Whether or not the worker’s right shoulder complaints are related to the compensable injury of August 8, 2009; and
Whether or not the worker is entitled to wage loss benefits beyond August 28, 2009.
That the worker’s right shoulder complaints are related to the compensable injury of August 8, 2009; and
That the worker is entitled to wage loss benefits beyond August 28, 2009.
The worker filed a claim with the WCB on August 12, 2009 for injuries she incurred on August 8, 2009. The worker indicating that she was assisting a resident into a wheelchair when the resident threw herself backwards onto the bed. The worker tried to protect the resident from hitting her head on the side rail which was at the back of the bed, and in so doing she was pulled on top of the resident. The worker reported that she felt a pull in her low back and a knot in her right buttock and hip.
The worker advised that the incident happened around 11:00 a.m. and she finished her shift. She was limping and guarding her right side. She was very sore the next morning but she worked the next two days by hobbling. She felt pain in her shoulder a couple of days after the injury and could not lift her arm past ninety degrees.
Medical reports showed that the worker sought medical treatment on August 11, 2009 for back pain and a pulling sensation in her right hip.
When speaking with a WCB adjudicator on August 13, 2009, the worker said she was hobbling and guarding her right side between the date of accident and August 11, 2009. The areas affected were the right buttock, right hip, low back, outer aspect of her right leg, right shoulder, right bicep/tricep, elbow and neck. The worker noticed right shoulder and arm pain after her initial physiotherapist appointment. Her arm was sore and she could not wave or lift it above ninety degrees. The worker attributed this to the accident.
The worker saw a doctor on August 25, 2009 for low back and right shoulder girdle strains.
On August 31, 2009, the treating physiotherapist advised a WCB adjudicator that the worker first mentioned right shoulder pain on August 12, 2009, not on her initial visit. The physiotherapist noted that the worker had her arms on the resident when she got pulled so it made sense that her right shoulder was sore.
In a progress report dated September 1, 2009, the treating physiotherapist added a right shoulder girdle strain to the worker's diagnosis and reported that the worker's hip felt good but that her right shoulder and cervical spine was "++ achy". The physiotherapist felt that the worker would remain disabled from working her regular duties for another three weeks.
On September 2, 2009, the worker was advised that her claim for compensation was approved for her back and hip only and not her right shoulder or neck. The adjudicator noted that the worker’s shoulder symptoms were not reported on the medical information dated August 11, 2009. Therefore a relationship between the development of the worker’s shoulder condition and her employment activities on August 8, 2009 had not been established.
On September 9, 2009, the worker appealed the above decision to Review Office. The worker submitted that the pain and limited range of motion in her right shoulder, triceps, biceps, right elbow and back of neck were directly related to the August 8, 2009 work incident. She indicated that the discomfort in her shoulder was not mentioned when she first sought medical treatment as the pain in her right hip, low back and buttocks were a priority as she was unable to walk.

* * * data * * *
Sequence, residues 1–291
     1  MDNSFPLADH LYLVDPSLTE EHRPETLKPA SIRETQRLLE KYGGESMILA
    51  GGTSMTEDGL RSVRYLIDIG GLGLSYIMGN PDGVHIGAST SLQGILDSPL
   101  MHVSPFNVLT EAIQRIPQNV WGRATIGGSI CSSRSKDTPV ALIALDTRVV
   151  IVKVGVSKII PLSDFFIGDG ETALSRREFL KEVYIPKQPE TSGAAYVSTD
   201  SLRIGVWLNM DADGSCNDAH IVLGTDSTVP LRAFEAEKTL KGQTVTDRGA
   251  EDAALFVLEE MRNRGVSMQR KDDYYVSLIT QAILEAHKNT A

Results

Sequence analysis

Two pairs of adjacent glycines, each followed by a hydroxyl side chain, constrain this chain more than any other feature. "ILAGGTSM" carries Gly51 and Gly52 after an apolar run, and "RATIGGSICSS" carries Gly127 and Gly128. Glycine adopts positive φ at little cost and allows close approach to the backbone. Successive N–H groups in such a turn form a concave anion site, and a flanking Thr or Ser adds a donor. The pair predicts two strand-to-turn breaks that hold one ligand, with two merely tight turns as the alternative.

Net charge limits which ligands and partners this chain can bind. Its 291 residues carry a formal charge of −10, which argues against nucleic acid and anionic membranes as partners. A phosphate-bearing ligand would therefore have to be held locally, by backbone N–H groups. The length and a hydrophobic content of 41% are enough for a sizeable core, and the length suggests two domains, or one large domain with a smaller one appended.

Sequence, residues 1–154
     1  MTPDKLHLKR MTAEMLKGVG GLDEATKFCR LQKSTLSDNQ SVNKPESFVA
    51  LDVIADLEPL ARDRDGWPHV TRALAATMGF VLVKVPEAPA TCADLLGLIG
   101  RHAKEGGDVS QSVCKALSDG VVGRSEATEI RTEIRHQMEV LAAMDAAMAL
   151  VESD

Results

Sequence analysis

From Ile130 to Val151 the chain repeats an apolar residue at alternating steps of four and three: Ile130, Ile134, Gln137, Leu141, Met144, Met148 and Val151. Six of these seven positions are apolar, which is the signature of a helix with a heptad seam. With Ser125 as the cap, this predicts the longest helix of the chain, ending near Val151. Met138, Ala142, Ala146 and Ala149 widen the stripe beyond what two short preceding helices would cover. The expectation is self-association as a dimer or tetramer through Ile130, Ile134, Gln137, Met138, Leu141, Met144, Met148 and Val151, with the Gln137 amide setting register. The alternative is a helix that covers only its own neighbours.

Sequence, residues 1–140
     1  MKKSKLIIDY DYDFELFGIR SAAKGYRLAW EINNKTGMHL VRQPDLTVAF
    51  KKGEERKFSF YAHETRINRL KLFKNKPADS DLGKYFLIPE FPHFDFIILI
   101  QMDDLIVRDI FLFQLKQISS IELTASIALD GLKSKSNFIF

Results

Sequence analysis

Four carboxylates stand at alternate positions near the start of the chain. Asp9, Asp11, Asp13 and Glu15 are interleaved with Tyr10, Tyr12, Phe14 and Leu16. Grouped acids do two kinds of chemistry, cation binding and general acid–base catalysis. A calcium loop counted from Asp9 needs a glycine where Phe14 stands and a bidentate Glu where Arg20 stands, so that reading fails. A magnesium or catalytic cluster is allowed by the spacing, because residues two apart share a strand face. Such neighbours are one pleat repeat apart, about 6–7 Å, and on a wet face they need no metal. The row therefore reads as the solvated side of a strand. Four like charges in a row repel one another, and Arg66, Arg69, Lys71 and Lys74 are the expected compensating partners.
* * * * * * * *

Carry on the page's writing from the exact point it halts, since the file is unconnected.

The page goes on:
In a decision dated September 17, 2009, Review Office determined that no responsibility should be accepted for the worker’s right shoulder complaints or wage loss benefits beyond August 28, 2009. Review Office noted that the worker had been able to complete her shift on August 8, 2009 and worked two more days afterward without experiencing shoulder pain of any description. As the worker continued to perform the rigorous duties of an LPN on August 9 and 10, 2009 without any evidence of shoulder pain or discomfort, Review Office was unable to conclude that the worker’s right shoulder complaints were caused by the incident at work on August 8, 2009.
On November 18, 2009, the worker appealed Review Office’s decision to the Appeal Commission and she submitted a medical report dated October 13, 2009, in support of the position that her shoulder injury was consistent with the mechanism of injury on August 8, 2009.
A file review was held at the Appeal Commission on June 24, 2010. It was decided by the panel that an oral hearing was warranted to assist with its deliberations of the issue under appeal. The panel also requested that information be obtained from the worker's treating physiotherapist relative to the worker's shoulder complaints.
An oral hearing was held at the Appeal Commission on July 13, 2010. On July 24, 2010, the worker was provided with a copy of the physiotherapist's report dated July 8, 2010 and was asked to provide comment. On July 28, 2010, the panel met to render its final decision on the issues under appeal.
The Appeal Commission and its panels are bound by The Workers Compensation Act (the “Act”), regulations and policies of the Board of Directors.
Under subsection 4(1) of the Act, where a worker suffers personal injury by accident arising out of and in the course of employment, compensation shall be paid to the worker by the WCB.